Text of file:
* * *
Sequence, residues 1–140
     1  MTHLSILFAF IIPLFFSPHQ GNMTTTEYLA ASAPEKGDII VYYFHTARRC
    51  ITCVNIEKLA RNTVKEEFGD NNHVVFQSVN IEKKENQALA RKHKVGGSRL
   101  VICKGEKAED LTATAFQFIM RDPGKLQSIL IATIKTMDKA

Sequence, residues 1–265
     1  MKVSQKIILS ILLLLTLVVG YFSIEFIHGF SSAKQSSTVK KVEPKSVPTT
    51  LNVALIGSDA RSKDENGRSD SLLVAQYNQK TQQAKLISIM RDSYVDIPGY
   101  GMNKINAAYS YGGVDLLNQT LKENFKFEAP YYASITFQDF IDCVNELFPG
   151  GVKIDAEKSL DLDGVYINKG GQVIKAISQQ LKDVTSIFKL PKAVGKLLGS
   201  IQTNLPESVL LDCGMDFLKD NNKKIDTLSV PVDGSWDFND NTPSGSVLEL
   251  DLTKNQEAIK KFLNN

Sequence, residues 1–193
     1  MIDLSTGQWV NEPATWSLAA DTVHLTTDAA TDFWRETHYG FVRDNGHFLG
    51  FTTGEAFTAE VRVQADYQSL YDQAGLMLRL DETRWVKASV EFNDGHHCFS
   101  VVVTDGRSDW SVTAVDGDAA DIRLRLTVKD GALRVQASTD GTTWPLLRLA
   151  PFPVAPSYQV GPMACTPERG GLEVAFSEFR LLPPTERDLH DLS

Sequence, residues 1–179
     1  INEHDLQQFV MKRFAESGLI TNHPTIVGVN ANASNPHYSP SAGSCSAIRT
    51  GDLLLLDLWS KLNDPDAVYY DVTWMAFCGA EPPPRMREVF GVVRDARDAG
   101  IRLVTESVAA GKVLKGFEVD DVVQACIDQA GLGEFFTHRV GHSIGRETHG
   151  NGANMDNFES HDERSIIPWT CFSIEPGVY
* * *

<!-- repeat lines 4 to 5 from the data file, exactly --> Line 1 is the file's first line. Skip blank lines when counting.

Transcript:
   101  VICKGEKAED LTATAFQFIM RDPGKLQSIL IATIKTMDKA

Sequence, residues 1–265